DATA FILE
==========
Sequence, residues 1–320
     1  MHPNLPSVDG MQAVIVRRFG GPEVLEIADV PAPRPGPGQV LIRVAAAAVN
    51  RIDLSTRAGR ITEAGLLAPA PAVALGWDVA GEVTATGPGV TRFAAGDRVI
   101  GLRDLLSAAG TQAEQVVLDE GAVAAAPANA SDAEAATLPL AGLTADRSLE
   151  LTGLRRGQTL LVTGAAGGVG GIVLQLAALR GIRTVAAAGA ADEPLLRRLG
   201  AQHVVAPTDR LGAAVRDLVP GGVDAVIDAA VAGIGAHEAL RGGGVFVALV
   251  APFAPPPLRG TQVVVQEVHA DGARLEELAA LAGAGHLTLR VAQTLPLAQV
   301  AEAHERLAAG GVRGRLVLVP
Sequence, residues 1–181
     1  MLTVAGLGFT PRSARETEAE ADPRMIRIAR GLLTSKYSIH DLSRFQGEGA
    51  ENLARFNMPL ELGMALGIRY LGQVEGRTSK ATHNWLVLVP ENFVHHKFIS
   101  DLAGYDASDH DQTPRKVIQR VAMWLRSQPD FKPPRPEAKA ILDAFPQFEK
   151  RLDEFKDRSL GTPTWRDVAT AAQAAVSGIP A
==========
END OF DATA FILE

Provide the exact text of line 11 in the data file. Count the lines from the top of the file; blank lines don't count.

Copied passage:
    51  ENLARFNMPL ELGMALGIRY LGQVEGRTSK ATHNWLVLVP ENFVHHKFIS